M98, mag. +10.4, is a large beautiful edge-on spiral galaxy that's located in the southern section of the constellation of Coma Berenices. It's one of the fainter Messier objects and to spot it a medium sized amateur telescope or greater is recommended. The galaxy is a member of the Virgo cluster and was discovered by Pierre Mechain on March 15, 1781. On the same night he also discovered M99 and M100. Messier catalogued them shortly afterwards and remarked that M98 was the faintest of the three.

M98 is one of a small group of galaxies that are blueshifted. The vast majority of galaxies are receding from us and display redshifts but due to the movement of M98 within the Virgo cluster, it's currently falling towards us, hence the blueshift. The galaxy is located about 57 Million light-years distant and has an apparent size of 9.8 x 2.8 arc minutes. This corresponds to an actual diameter of 160,000 light-years. It's estimated to contain 1 trillion stars.

Pinpointing the area of sky where M98 is located is easy. It's located 6 degrees east of Denebola (β Leo - mag. +2.1) the third brightest star in Leo. The star 6 Com (mag. +5.1) lies 0.5 degree east of M98 and acts as a perfect marker.

The Virgo cluster galaxies are best seen during the months of March, April and May.

M98 Spiral galaxy (NOAO/AURA/NSF)

Finder Chart for M98 (also shown M49, M53, M58->M60, M64->M66, M84->M91, M99 and M100)

Finder Chart for M98 (also shown M49, M53, M58->M60, M64->M66, M84->M91, M99 and M100) - pdf format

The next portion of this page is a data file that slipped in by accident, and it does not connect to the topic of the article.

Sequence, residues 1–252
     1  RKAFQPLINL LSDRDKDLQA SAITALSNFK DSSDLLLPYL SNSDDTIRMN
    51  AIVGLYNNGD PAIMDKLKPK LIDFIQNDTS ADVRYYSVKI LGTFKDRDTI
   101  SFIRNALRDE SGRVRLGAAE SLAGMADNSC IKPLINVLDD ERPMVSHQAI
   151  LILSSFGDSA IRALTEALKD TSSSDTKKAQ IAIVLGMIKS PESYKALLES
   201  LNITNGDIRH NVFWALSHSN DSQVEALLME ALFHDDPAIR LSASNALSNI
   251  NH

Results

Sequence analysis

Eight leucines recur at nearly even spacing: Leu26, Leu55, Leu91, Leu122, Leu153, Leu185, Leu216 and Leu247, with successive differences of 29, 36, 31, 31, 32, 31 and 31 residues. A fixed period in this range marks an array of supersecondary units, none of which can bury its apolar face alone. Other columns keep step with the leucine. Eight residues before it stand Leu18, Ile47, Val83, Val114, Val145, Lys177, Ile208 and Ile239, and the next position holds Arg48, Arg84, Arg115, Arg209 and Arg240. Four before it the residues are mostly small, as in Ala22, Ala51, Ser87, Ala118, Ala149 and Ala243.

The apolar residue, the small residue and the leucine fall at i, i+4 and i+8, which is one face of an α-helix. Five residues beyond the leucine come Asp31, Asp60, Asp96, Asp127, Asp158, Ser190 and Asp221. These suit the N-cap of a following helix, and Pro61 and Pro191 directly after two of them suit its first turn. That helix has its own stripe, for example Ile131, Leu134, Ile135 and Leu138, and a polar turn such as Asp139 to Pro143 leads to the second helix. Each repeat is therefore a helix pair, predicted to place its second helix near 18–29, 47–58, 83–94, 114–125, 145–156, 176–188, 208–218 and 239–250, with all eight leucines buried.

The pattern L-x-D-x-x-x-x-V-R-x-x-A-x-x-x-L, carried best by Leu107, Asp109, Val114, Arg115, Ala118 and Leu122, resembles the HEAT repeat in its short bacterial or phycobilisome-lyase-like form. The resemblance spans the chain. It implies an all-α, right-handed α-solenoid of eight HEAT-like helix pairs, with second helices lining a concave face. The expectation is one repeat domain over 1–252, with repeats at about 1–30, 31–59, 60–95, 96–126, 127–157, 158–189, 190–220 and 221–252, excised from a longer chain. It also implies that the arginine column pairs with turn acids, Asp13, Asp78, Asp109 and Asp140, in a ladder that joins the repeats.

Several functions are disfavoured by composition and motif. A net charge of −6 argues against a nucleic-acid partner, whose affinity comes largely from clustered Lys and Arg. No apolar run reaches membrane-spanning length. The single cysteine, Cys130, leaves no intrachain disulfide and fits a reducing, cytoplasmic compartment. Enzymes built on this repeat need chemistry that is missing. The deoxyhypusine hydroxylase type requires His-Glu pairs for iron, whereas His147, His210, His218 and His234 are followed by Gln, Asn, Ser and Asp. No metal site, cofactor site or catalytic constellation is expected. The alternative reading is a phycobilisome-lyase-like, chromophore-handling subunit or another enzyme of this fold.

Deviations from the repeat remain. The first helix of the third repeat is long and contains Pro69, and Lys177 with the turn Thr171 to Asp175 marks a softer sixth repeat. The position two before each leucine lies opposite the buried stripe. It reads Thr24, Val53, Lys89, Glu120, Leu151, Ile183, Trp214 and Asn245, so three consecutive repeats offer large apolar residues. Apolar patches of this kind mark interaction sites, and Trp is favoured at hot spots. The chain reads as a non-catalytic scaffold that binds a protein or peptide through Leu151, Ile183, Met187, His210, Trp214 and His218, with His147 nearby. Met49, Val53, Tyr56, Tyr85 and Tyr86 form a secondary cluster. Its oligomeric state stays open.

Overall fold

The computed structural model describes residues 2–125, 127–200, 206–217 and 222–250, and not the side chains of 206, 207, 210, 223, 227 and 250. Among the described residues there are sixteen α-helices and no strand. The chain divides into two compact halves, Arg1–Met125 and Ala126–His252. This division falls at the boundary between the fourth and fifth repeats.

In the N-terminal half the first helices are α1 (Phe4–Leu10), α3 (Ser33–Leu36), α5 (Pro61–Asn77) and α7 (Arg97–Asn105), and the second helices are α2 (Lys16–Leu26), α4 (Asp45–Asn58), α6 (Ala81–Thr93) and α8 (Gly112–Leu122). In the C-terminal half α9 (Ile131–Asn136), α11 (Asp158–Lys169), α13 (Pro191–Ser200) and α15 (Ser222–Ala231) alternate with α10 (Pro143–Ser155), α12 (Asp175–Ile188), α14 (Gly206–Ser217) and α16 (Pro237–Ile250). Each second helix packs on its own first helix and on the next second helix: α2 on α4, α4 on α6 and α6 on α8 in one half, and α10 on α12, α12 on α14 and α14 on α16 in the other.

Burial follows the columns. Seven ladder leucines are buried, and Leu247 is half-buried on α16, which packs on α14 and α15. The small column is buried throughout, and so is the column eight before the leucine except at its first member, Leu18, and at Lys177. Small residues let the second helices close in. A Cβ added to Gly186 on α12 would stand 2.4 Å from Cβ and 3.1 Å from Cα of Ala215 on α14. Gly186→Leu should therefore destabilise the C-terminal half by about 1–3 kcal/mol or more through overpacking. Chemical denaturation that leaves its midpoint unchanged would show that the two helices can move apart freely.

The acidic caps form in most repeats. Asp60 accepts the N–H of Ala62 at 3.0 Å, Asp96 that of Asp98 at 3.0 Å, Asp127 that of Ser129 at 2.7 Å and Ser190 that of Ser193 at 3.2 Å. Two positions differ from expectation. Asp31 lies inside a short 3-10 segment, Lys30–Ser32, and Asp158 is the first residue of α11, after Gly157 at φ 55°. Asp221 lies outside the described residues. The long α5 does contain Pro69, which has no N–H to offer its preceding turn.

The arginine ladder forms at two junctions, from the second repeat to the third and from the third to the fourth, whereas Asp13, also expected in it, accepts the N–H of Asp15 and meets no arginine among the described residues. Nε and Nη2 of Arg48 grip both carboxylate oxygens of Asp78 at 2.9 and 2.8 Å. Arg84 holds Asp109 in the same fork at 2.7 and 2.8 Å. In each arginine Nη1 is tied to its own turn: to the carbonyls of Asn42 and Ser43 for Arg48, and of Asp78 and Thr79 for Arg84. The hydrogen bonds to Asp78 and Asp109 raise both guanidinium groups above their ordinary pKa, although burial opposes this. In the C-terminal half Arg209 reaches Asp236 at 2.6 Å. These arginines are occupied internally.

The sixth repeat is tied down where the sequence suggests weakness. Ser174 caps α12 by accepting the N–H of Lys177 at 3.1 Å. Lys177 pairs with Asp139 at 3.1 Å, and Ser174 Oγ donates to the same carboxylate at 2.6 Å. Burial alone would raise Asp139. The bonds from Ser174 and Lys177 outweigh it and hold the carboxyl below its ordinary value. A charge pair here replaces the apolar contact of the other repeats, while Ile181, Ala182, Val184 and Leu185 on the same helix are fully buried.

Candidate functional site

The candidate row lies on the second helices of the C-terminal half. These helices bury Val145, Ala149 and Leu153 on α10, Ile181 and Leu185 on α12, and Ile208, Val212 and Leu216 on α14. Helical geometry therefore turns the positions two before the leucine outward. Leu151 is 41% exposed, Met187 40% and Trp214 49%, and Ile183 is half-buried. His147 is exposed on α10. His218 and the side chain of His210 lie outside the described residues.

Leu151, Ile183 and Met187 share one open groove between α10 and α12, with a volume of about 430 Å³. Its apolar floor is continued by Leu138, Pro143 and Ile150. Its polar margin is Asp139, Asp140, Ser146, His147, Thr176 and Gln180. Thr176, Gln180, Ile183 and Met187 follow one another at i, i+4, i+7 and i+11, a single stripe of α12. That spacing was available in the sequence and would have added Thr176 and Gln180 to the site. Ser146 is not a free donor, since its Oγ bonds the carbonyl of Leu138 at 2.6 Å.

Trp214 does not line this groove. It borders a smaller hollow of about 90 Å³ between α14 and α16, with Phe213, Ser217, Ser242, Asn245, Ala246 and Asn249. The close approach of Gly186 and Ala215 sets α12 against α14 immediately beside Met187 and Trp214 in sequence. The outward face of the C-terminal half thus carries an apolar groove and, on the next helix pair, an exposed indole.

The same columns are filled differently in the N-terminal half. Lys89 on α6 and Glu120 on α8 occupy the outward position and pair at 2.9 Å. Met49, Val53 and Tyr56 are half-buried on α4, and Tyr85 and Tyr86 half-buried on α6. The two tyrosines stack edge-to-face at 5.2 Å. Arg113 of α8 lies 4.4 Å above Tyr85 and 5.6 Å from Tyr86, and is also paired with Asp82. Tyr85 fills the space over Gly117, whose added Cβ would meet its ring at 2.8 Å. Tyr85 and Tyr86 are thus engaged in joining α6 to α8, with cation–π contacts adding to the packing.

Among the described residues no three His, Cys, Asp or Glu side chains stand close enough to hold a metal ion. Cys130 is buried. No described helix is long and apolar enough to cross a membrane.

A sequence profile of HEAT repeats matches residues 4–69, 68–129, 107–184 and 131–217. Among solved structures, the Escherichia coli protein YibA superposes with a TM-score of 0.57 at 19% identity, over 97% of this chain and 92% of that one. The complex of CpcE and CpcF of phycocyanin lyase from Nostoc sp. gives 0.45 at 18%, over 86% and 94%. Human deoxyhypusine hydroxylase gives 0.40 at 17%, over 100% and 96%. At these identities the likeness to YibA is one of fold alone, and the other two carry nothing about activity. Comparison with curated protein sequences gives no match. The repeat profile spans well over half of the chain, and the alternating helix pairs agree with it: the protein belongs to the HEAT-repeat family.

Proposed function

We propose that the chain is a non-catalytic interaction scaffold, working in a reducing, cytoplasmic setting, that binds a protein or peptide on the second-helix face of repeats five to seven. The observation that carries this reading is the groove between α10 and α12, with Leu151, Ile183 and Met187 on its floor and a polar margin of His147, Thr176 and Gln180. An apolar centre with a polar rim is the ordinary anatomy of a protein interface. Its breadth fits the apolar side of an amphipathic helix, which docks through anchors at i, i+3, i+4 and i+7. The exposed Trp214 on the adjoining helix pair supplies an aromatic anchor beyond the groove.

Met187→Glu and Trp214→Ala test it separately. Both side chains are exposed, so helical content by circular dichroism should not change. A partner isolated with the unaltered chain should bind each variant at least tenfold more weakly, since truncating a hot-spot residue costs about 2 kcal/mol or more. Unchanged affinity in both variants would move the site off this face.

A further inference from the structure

M98 is one of the more difficult Virgo cluster Messier galaxies. Through a 200m (8-inch) scope it appears as a faint, thin, diffuse streak of light with a brighter core. The surface brightness of the galaxy is low, hence it's a tricky object to spot, especially when there is a small amount of light pollution present. For the same reason, it does not take high magnification well. Larger backyard telescopes reveal a slightly curved structure that's brighter on the southern side with a greenish tinge and a distinct nucleus.

About 750 million years ago, M98 may have interacted with the large spiral galaxy NGC 4254. Today, they are separated by a distance of about 1.3 million light-years.

M98 Data Table

Messier98
NGC4192
Object TypeSpiral galaxy
ClassificationSAB(s)ab
ConstellationComa Berenices
Distance (kly)57000
Apparent Mag.10.4
RA (J2000)12h 13m 48s
DEC (J2000)14d 54m 00s
Apparent Size (arc mins)9.8 x 2.8
Radius (light-years)80,000
Number of Stars1 Trillion
Notable FeatureMember of the Virgo Cluster of galaxies

Sky Highlights - March 2017

Comet
Comet 41P/Tuttle-Giacobini-Kresak now visible with binoculars as it heads towards perihelion

Mercury
Mercury heading towards greatest elongation east

Minor Planet
Vesta now visible with binoculars and small telescopes.

The Planets
This Month's Guide

Algol Minima
Algol eclipse dates and times for March 2017

Northern Hemisphere
Evening
West:- Venus (mag. -4.8 to -4.1 - first half of month), Mars (mag. +1.3 to +1.5), Uranus (mag. +5.9), Mercury (mag. -1.5 to -0.4 - second half of month)
Midnight
Southeast:- Jupiter (mag. -2.3 to -2.5)
Morning
Southwest:- Jupiter
Southeast:- Saturn (mag. +0.5)

Southern Hemisphere
Evening
West:- Venus (first half of month), Mars, Uranus
Midnight
North:- Jupiter
East:- Saturn
Morning
West:- Jupiter
Northeast:- Saturn
East:- Neptune (mag. +8.0 - second half of month)

Deep Sky
Naked eye / binoculars:-
Melotte 111 - Mel 111 - The Coma Star Cluster (Open Cluster)
Messier 44 - M44 - The Praesepe (Open Cluster)

Telescopes:-
Messier 67 - M67 - Open Cluster
Messier 51 - M51 - The Whirlpool Galaxy (Spiral Galaxy)
Messier 97 - M97 - The Owl Nebula (Planetary Nebula)
Messier 101 - M101 - The Pinwheel Galaxy (Spiral Galaxy)
Messier 65 – M65 – Spiral Galaxy
Messier 66 - M66 - Intermediate Spiral Galaxy
Messier 95 - M95 - Barred Spiral Galaxy
Messier 96 - M96 - Intermediate Spiral Galaxy
NGC 4244 - Spiral Galaxy
NGC 4565 - Needle Galaxy - Spiral Galaxy

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